I also appreciate that the movie does not depict a uniform Civil Rights Movement. As Walter pointed out in his earlier review, there was tension and competition between groups like King’s Southern Christian Leadership Conference (SCLC), the Student Nonviolent Coordinating Committee (SNCC), and other organizations not mentioned in the film. The Civil Rights Movement further fractured in the years following the March on Selma and especially King’s murder three years later, and not all of the fractures were as influenced by Christianity as the SCLC was during King’s lifetime.

This White Man’s Burden

Few films have moved me emotionally as much as “Selma.” The fact that I watched the movie in a theater that was predominantly filled with African-Americans moviegoers contributed to my emotions. They laughed during lighter moments. They wept when Jimmy Lee Jackson was murdered and when marchers were beaten unconscious by state troopers. They “talked back” to the movie. And they applauded when it was all over. I fought off tears throughout the whole film—and lost that particular battle several times.

I think white southern evangelicals should watch “Selma” for the same reasons I think they should watch “The Help,” another relatively recent movie that focuses on the theme of race in the mid-20th-century South: the struggle for racial equality is as much a part of our history as it is that of our African-American friends. Of course, society in general was segregated because of white supremacist assumptions. But we need to remember that white believers were complicit in that structural racism—even if implicitly. Too many of us have continued to embrace a thin view of the gospel that is blind to some of the ways that our black friends continue to struggle with racial equality. It’s easy to argue for a colorblind society when most of the blinders are painted white.

When we watch a movie like “Selma,” it reminds us why so many of our black neighbors respond the way they do to the deaths of Trayvon Martin, Michael Brown, and Eric Garner. It reminds us why so many of them are pro-life and pro-traditional marriage and voted joyfully for Barack Obama. It reminds us why phrases like “reverse racism” and “Welfare Queen” are so profoundly offensive and why affirmative action is so appreciated. It reminds us why they think Fox News is anti-Christian propaganda. Neighbor-love demands that we hear people’s hearts, try to understand them, and meet them where they are—even when we may never reach total agreement on all of the issues that separate us.

To be crystal clear, the gospel is most definitely the solution to racial strife in America. But let’s not kid ourselves, my fellow white evangelicals. If we appeal piously to the gospel without committing ourselves to the hard work of authentic cross-cultural friendships and open dialogs, policy debates, social justice ministries, intentional outreach, and repentance, prayer and service to those in need, then our gospel is a slogan that deflects rather than a truth that transforms. There is no gospel when there is no change. “Selma” reminds me of how far we’ve come, and how far we still need to go—how far I still need to go.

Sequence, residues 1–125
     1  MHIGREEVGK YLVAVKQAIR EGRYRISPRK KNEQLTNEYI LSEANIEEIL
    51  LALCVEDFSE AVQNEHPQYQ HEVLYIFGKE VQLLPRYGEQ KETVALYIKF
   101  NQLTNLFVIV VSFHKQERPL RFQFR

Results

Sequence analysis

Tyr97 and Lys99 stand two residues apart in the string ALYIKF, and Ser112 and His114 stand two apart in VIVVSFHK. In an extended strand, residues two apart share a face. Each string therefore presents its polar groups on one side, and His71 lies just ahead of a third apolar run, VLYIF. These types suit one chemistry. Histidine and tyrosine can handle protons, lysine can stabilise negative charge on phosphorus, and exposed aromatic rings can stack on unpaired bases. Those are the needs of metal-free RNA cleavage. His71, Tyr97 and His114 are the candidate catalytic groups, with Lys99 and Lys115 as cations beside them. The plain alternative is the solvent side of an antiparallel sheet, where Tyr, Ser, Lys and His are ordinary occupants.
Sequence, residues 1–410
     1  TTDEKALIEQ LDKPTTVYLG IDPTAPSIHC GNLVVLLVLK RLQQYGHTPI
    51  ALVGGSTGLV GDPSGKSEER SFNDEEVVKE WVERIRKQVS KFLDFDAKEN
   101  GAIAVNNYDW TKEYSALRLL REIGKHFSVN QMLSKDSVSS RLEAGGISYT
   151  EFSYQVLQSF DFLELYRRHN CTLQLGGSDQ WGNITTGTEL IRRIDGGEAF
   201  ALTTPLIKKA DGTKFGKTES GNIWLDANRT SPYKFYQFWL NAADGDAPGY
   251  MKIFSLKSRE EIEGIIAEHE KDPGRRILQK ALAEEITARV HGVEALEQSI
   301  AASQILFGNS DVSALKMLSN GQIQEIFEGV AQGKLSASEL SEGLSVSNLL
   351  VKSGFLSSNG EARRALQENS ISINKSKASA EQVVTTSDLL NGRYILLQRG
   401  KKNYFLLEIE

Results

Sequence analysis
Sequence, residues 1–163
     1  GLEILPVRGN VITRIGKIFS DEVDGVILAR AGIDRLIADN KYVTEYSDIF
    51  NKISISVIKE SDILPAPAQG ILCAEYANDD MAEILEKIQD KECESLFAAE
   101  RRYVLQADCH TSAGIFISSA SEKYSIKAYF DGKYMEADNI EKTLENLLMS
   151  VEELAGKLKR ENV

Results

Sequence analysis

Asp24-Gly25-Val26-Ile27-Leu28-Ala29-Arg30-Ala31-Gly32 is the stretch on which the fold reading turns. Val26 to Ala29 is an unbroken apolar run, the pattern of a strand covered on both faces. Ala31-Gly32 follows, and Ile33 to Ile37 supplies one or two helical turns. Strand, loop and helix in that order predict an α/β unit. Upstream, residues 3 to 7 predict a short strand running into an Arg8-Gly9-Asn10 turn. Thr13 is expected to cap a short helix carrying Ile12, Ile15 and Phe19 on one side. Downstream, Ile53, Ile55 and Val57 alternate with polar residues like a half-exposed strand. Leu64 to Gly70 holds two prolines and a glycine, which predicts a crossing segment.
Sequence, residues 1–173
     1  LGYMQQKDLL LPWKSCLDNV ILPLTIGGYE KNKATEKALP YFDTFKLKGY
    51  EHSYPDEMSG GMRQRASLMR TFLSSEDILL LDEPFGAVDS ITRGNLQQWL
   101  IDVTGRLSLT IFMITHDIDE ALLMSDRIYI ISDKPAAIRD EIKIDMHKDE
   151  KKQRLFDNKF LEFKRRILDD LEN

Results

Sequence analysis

I am thankful for the life and witness of Martin Luther King Jr. and those with whom he partnered, both famous and unknown. And I am thankful that “Selma” is in theaters at this particular moment in our nation’s history. Please, go and watch this movie and then wrestle with all the emotions it evokes—it will be good for your soul.


Guest Post (David Prince): Jesus is Not Colorblind: Celebrating Racial and Ethnic Diversity in the Local Church

[Editor’s Note: Every so often, we at Between the Times wish to share with our readers especially important thoughts. Such is the case today. This post is by David E. Prince, Pastor of Preaching and Vision at Ashland Avenue Baptist Church and Assistant Professor of Christian Preaching at The Southern Baptist Theological Seminary.]

On Aug. 28, 1963, from the steps of the Lincoln Memorial, Martin Luther King Jr. took his place alongside Abraham Lincoln as a preeminent shaper of American culture when he delivered his “I Have a Dream” speech to 250,000 civil rights supporters. The most oft quoted line of the famous speech is, “I have a dream, that my four little children will one day live in a nation where they will not be judged by the color of their skin but by the content of their character.” Some have appropriated King’s words (wrongly I think) to argue that a colorblind society should be our ultimate goal.